Iron-Rich Food

Iron is a mineral needed for healthy blood and is found naturally in many foods, added to others and available as a dietary supplement. It is an important component of hemoglobin, the protein in red blood cells that carries oxygen from the lungs to the rest of the body, and myoglobin, which transports oxygen to muscle tissue. Iron also supports normal brain function, cognitive ability and cellular development and production of certain hormones. Iron deficiency is common and can be a major cause of fatigue. Iron deficiency may affect certain groups of people more than others, including pregnant women and children. A variety of other conditions and illnesses can interfere with the body’s ability to absorb iron.

The best source of iron is from meat, poultry and fish. These sources provide heme iron, which is better absorbed than non-heme iron from plant foods. The most common plant-based sources of iron are beans and lentils (kidney, garbanzo, black-eyed peas and cannellini), whole grains, nuts, seeds and leafy vegetables such as spinach and kale. Iron can also be found in fortified breads, breakfast cereals and infant formulas.

These foods can help you meet your daily requirements for the mineral, but it’s a good idea to consume iron from a variety of sources to prevent health issues such as constipation and diarrhea. Choosing the right foods can also make it easier to reach the Tolerable Upper Intake Level (UL) for iron, which is 45 mg a day for men and women age 14 and older.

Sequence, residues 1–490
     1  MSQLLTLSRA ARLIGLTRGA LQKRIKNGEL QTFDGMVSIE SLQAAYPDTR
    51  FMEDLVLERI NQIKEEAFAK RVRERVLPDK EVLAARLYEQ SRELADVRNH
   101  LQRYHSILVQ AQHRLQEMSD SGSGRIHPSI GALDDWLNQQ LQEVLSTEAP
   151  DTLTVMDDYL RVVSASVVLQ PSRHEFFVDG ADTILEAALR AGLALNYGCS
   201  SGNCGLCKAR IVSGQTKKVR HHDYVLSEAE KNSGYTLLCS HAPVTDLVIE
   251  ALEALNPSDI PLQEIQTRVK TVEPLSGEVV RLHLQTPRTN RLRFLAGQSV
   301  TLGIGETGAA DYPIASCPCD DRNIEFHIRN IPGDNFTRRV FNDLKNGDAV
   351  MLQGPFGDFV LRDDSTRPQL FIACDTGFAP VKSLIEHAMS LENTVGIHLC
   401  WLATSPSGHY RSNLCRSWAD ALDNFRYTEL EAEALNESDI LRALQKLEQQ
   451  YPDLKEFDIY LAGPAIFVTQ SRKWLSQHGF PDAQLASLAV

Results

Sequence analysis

When consuming iron-rich foods, look for the amount in milligrams per serving on the label. The lower number, called elemental iron, is the form that’s easily absorbed by the body. The higher number is the chemical form that’s bound to salts and minerals, such as ferrous sulfate or ferric citrate.

If you choose to take an iron supplement, check the dosage on the bottle and use only as directed by a doctor. High doses of iron can be harmful and lead to toxic effects.

If you are an omnivore, your diet should include plenty of lean meats, chicken, fish and eggs. Organ meats like liver, kidney and heart are rich in iron, as well as B vitamins, zinc, selenium and protein. Poultry contains less iron than red meat, but it still provides a good source of this nutrient. Eggs are another protein source that offers iron and vitamins A, B12 and D. Beans and lentils are rich in both heme and non-heme iron. They’re also an excellent source of plant-based protein, fiber, folate and magnesium. Leafy greens also offer a range of nutrients. When eating these foods, try to pair them with a food that contains vitamin C, which helps boost iron absorption.